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Niqabs in the workplace? Who cares.

While Harper hints at a ban on niqabs in the public service, there’s no evidence they’ve ever been an issue among actual workers


 
Conservative Leader Stephen Harper speaks during a campaign stop in Saskatoon, Sask, on Wednesday, October 7, 2015. (Nathan Denette/CP)

Conservative Leader Stephen Harper speaks during a campaign stop in Saskatoon, Sask, on Wednesday, October 7, 2015. (Nathan Denette/CP)

Where’s Waldo? He’s easier to find than the Canadian civil servant who actually cares about the religious headwear of his or her colleagues. On CBC’s Power and Politics on Tuesday, Stephen Harper said that the Conservatives are eyeing Quebec legislation to ban niqabs in the civil service. “That’s a matter we’re going to examine,” Harper said, adding that “we’re a society of openness and of equality and this is what we want to promote.”

The statement contradicts Treasury Board president Tony Clement, who said in March that a ban on niqabs should strictly apply to citizenship ceremonies and “that doesn’t mean you can impose that view on the workplace or private sphere.”

While only two women have been directly affected by the Conservative government’s effort to ban niqabs at swearing-in ceremonies, not one federal servant has voiced concerns about niqabs in the workplace, say union leaders. “It’s a non-issue. It’s never once come up,” says Emmanuelle Tremblay, president of the Canadian Association of Professional Employees.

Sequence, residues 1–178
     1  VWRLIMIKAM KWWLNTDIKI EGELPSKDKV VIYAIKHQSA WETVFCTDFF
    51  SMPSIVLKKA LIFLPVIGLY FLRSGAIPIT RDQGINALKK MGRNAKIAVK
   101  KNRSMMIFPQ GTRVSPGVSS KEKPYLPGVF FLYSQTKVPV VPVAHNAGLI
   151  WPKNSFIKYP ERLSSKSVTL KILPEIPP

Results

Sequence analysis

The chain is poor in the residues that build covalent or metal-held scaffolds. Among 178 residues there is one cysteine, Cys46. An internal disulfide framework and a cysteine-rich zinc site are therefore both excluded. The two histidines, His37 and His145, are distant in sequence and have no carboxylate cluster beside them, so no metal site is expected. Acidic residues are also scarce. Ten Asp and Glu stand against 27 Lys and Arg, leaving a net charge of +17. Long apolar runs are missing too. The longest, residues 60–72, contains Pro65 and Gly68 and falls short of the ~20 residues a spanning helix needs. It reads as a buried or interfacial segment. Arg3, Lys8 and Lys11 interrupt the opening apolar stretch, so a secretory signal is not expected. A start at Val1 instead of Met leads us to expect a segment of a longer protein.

Related: An in-depth Maclean’s primer on the niqab issue

On Wednesday morning, Tremblay and the leaders of 10 other federal unions (out of 18 in the country) held a press conference to publicize their casting of  ballots in an advanced poll. When a reporter asked a question about niqabs, says Tremblay, none of the union leaders said niqabs in the workplace was a concern, including the leaders of Canada’s largest unions, representing approximately 300,000 federal employees.

Similarly, Nicolas McCarthy and Joe Boughner, communications directors of the Association of Justice Counsel and the Association of Canadian Financial Officers, respectively, confirm that their unions have never heard members mention niqabs in the workplace.

Meanwhile, Tremblay lists off a series of important issues they do care about. “There are so many more worrisome things that the Prime Minster has said,” she explains. She notes the politicization of federal servants and the disappearance of proper bidding processes for contracts. “Bringing up this niqab thing is adding fuel to the fire,” she says.

On Wednesday, the other federal party leaders, Tom Mulcair, Justin Trudeau and Elizabeth May, were also busy scolding Harper  for distracting voters from other issues. Trudeau accused Harper of stoking anti-Muslim fears: “To the Prime Minister directly: Stop this before someone truly gets hurt. We’ve had women attacked in the streets for wearing hijabs and niqabs. This is not Canada,” he told the CBC.

There have been plenty of suggestions as to what the real issues should be in this election—columnists have urged voters to consider the state of Canadian manufacturing, the treatment of aboriginal people, income security, the state of the Senate, childcare, and much more. And yet, the headdress hullabaloo goes on.


 

Niqabs in the workplace? Who cares.

  1. having someone hide there face is a big deal but affects almost nobody in the general topic. This issue should be dealt with, but its not a big issue. I obviously don’t want people entering the bank male or female covering their faces. The practice is both abusive to women, why don’t the men all wear them… And it also disrupts proper communication. The Face is a important communication tool. If they want to wear a mask do it at home when your sleeping. And I don’t care if you wear a towel or a fridge on your head, but generally you should show your face if you are interacting with people.

    • If nothing else, your eloquent and coherent comment has convinced me that evolution is a hoax.

    • “…you should show your face if you are interacting with people.”